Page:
Abstract: Three-Dimensional Seismic Modeling and Seismic Facies Imaging
A set of 3-D rock-property models were generated for a lower Miocene shorezone system at Powderhorn field, Calhoun County, Texas. These models were based on detailed mapping of facies and rock-properties that involved 250 m of stratigraphic section over an area of 9 by 13 km. Examination of logs from 115 wells showed that fourteen sandy depositional units averaging 3-30 m in thickness were encased in 15 shale units. Effective porosity, P-wave velocity and bulk density were calculated from suites of wireline logs from five recent wells, and then expanded to older wells through regression with SP and resistivity logs.
Idealized 3-D seismic models were generated by convolving a Ricker wavelet with the primary reflection coefficient series from stacked 2-D P-wave velocity and impedance models. The analysis to these models revealed the potential and limitations of seismic facies imaging for a clastic depositional sequence. The idealized stratal slices show that to achieve the best imaging of depositional facies, seismic frequency should be tuned to the maximum sandstone thickness. Framework sand bodies surrounded by muddy deposits are better illustrated. The stratal resolution of seismic imagery depends not only on wavelet frequency, but also on the magnitude of geological interference.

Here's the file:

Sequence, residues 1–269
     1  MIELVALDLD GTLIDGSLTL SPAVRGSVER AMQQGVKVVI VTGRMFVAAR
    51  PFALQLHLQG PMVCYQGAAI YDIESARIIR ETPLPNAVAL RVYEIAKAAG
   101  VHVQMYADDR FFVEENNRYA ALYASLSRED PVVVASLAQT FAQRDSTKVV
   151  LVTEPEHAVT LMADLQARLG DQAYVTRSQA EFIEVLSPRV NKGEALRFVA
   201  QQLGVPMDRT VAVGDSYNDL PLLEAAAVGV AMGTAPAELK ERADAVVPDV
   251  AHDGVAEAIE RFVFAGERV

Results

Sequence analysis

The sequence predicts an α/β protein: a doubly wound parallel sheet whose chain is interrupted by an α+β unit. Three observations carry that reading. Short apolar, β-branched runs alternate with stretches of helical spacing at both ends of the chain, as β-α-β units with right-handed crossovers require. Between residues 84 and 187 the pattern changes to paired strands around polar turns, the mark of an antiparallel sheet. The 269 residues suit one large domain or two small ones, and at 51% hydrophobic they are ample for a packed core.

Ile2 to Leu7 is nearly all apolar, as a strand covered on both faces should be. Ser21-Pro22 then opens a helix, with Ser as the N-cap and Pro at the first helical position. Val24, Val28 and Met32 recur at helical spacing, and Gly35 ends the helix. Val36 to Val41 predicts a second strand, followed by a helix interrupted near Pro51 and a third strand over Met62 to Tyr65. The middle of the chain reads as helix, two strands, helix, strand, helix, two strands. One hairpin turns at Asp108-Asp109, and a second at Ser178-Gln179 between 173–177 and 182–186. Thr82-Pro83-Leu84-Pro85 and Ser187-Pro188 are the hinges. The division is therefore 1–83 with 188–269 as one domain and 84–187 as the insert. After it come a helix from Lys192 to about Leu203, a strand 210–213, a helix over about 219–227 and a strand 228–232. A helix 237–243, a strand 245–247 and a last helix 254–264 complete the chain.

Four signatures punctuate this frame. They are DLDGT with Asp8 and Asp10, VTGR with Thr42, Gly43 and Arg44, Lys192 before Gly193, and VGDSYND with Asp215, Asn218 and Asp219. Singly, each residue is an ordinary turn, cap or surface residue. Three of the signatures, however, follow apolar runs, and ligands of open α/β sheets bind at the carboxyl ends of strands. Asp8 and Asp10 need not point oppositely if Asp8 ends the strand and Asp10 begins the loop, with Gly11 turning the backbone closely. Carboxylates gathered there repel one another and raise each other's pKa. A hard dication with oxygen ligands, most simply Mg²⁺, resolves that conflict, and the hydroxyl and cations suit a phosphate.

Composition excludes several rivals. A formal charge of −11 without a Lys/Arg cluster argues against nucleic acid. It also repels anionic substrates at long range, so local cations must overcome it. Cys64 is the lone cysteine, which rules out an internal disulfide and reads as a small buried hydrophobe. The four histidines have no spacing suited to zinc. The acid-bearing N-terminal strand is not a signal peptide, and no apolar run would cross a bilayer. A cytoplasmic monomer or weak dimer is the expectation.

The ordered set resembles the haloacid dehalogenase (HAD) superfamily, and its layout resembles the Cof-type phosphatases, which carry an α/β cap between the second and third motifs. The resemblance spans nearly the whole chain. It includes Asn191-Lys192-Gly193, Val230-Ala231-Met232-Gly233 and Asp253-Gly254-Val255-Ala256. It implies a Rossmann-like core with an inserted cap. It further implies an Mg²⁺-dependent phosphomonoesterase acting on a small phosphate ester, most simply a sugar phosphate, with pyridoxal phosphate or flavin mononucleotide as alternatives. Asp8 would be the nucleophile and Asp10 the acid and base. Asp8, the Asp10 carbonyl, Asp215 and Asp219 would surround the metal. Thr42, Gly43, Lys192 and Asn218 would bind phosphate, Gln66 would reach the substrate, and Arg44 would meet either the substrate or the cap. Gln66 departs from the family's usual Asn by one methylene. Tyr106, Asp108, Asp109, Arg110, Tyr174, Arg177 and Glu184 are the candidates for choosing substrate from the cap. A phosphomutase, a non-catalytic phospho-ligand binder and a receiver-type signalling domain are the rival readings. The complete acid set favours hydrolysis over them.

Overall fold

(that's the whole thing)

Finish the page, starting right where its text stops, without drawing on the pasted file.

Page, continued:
The commonly used approach of peak picking on a workstation may not generate correct stratal slices because seismic events do not necessarily follow geological time lines. Our models show that peak picking often distorts reservoir facies images. In some cases, seismic events from sand bodies in different units may interfere, forming a new event. An event tying as many as six depositional units over 50 m has been observed. Phantom mapping between reference events produces truer stratal slices, and makes it possible to map detailed depositional history from 3-D seismic data.
Stratal slices from real 3-D seismic volumes in Gulf Coast Tertiary demonstrate that sequential, fairly high-resolution amplitude images of various depositional facies can be obtained from lower frequency seismic data. Depositional facies patterns on those stratal slices provide much desired high-frequency information that may not otherwise be recognized on vertical seismic sections.
AAPG Search and Discovery Article #90955©1995 GCAGS 45th Annual Meeting and Gulf Section SEPM, Baton Rouge, Louisiana